President Schroedel was born on January 29, 1851, in Neustadtren [sic], Kulm[bach], in Bavaria, the youngest child of the master weaver Johann Schroedel and his wife Katharina (née Denderlein). In Holy Baptism he received the name Andreas. In 1853 his parents emigrated to America and established their home in Milwaukee, Wisconsin. There they became members of Grace Church and were under the spiritual care of Pastor Muehlhaeuser. The young Andreas received his schooling and confirmation instruction in this church and was confirmed by Pastor Muehlhaeuser in 1864. After his confirmation he would gladly have enrolled at once in our school of the prophets in Watertown in order to prepare himself for the holy preaching ministry, except that this ardent wish, which was both his own and his pious mother’s, had to remain just a wish at first, since his parents were lacking the necessary financial means for such schooling. For a considerable time, therefore, Andreas Schroedel helped his parents as he was able in the acquisition of their daily bread. But Pastor Muehlhaeuser, who had become fond of the pious and gifted boy and had in his confirmation instruction recognized the glorious gifts that God had given him, felt sorry that such an instrument should continue to be withheld from the holy preaching ministry. Accordingly Pastor Muehlhaeuser, by God’s grace, sought and found means and ways that Andreas Schroedel could enroll at Northwestern University in Watertown, Wisconsin, in spite of his circumstances. He faithfully made the most of his time there, and in 1873 passed his examination and received his certificate of maturity. In the fall of the same year he enrolled at the seminary in St. Louis, Missouri. He studied theology there for three years and in 1876 received his certification for the holy preaching ministry from the Concordia Seminary faculty. The young candidate was first a pastor of the church in Naugart, Marathon County, Wisconsin. After he had served this congregation for five years, he followed a call to the church in Ridgeville, Wisconsin, in 1881. While serving there, he also served St. James Church in Norwalk and, until the fall of 1884, the church in Tomah, Wisconsin. In 1889 Pastor Schroedel was issued the call: “The Lord requires your services at the institution in Watertown.” From September of 1889 to June of 1893 he served his alma mater, Northwestern University in Watertown, Wisconsin, as a professor. From Watertown the Lord sent him to Trinity Church in St. Paul, where he has continuously been a faithful and conscientious caretaker of souls and served unselfishly since the 11th Sunday after Trinity, 1893. For years he has also served our joint synod as a member of various boards, as he was able, and our dear Minnesota Synod will certainly not forget him. Ever since he came to our synod, he has carried its welfare on a praying heart and sought to promote its welfare as best he could. For the past three years he has been our president, and he has discharged the duties of this difficult and highly responsible office with selflessness and devotion, both in general and in particulars. Yes, we recognize that in our dear President Schroedel we have lost a simple but faithful father and brother.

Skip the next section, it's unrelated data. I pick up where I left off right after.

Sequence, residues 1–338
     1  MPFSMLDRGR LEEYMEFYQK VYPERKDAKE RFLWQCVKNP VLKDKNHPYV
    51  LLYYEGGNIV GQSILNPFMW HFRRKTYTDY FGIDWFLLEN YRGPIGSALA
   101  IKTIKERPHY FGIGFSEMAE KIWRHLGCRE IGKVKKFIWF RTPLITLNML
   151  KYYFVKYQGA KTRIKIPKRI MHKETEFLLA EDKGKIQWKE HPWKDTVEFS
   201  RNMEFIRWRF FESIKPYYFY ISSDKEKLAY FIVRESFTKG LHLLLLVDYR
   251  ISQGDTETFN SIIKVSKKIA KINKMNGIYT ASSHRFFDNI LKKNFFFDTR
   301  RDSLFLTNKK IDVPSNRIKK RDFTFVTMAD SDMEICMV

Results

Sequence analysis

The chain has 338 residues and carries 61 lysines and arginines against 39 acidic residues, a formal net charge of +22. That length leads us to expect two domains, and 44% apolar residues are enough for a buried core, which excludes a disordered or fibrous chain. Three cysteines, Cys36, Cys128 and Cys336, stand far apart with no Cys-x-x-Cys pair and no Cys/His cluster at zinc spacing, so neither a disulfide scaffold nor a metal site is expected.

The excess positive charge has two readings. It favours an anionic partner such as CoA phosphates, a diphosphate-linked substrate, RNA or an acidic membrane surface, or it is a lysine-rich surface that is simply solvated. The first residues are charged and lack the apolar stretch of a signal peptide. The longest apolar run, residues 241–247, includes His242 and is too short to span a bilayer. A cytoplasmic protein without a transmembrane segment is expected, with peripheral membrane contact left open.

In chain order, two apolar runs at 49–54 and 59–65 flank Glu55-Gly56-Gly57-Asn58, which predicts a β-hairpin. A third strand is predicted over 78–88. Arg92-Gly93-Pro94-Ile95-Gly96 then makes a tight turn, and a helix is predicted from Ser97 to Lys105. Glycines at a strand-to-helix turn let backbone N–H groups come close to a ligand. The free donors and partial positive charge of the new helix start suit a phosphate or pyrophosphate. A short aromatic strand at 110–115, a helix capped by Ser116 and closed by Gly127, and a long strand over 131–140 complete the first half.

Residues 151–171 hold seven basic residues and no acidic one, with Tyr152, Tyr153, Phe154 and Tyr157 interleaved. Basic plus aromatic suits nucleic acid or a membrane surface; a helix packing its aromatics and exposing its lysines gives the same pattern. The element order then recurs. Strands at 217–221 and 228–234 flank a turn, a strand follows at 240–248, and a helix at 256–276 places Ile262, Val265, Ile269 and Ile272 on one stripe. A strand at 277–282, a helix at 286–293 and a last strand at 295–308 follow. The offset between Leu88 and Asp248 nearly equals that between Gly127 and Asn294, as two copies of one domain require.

In the first year of his ministry, Pastor Schroedel joined Anna Bluehr in holy matrimony. After a short time God took his wife from him through death. On May 8, 1881, he married widow Emma Hoops (née Franke). With fortune and blessing he was permitted to live in this marriage until the end of his life. Three years ago they were able to celebrate their silver wedding anniversary and to thank God for his blessing and protection.

The Schroedel family plot in Elmhurst cemetery. Andreas' gravestone is in the foreground on the left. The carving on the bottom of the cross itself reads, "Christus, der ist mein Leben, Sterben ist mein Gewinn" ("For me to live is Jesus, To die is gain for me").

The Schroedel family plot in Elmhurst cemetery. Andreas’ gravestone is in the foreground on the left. The carving on the bottom of the cross itself reads, “Christus, der ist mein Leben, Sterben ist mein Gewinn” (“For me to live is Jesus, To die is gain for me”).

President Schroedel has also experienced this grace from our benevolent Lord, that throughout his life he was permitted to enjoy good health, so that during these many years he could discharge the duties of the office so dear to him almost without interruption. Not until the last two weeks of his life could he not carry out his duties; even then, no one suspected that he was very seriously ill. But on November 19, his condition kept getting more and more critical, and only an operation was left as the final option for the doctors to try in order to save him. With these final words to his family, “Commit your ways to the Lord and hope in him; he will make it turn out well,” he let himself be brought to the hospital, comforted and composed. There Pastor Plocher prayed with him and administered the Sacrament of the Lord to him for his strengthening. After receiving the Holy Supper, he once more folded his hands and prayed, “Dear Father in heaven, your will is always the best, whether it be for heavenly life or, if it is possible, for a longer earthly life. I commit myself entirely to your protection. For me to live is Jesus; To die is gain for me. So, when my Savior pleases, I meet death willingly. For Christ, my Lord and brother, I leave this world so dim And gladly seek another, Where I shall be with him.”3

Shortly before his death, after his wife had also prayed with him the Lord’s Prayer and the final two stanzas of no. 164: “My Savior, then be near me,” etc.,4 he took leave of his love for this life forever, squeezed her hand once more and said, “Don’t cry that I am departing from you. You have someone with you who cares for you better than I and who is always with you.” Weary and faint, he lay back down on the pillow, drew a few more deep breaths, and fell asleep gently and peacefully – it was just after 5 o’clock on Sunday afternoon – and entered into the rest of the people of God.

The next of kin who survive him are his wife, his sons Otto (in Omaha, Nebraska), Theophil (currently a student at the University of Berlin), his daughter Lydia, and a sister. He brought the duration of his earthly pilgrimage to 58 years, 9 months, and 23 days. — For 33 of those years he continuously served the church of Jesus Christ as a preacher of the gospel. May his memory remain with us in blessing! “Remember your teachers who have spoken the word of God to you; contemplate their end and imitate their faith” (Hebrews 13:7).

Respectfully submitted,
W. J. Schulze


1 Today this practice is generally only found at a military funeral. But it appears to have been customary back then also at the funeral of any important personage.

2 “Ich hab’ mich Gott ergeben,” by J. Siegfried (1564-1637), an untranslated hymn sung to the same tune as “O Sacred Head, Now Wounded” (Christian Worship 105).

3 The author literally reports that Schroedel ended the prayer, “Christ, who is my life, etc. [sts. 1 & 2, no. 639].” This corresponds to sts. 1 & 2 of Christian Worship 606, “For Me to Live Is Jesus.”

4 This corresponds to the final two sts. of Christian Worship 105, “O Sacred Head, Now Wounded.”

About redbrickparsonage
Red Brick Parsonage is operated by a confessional Lutheran pastor serving in the South of the U.S.A.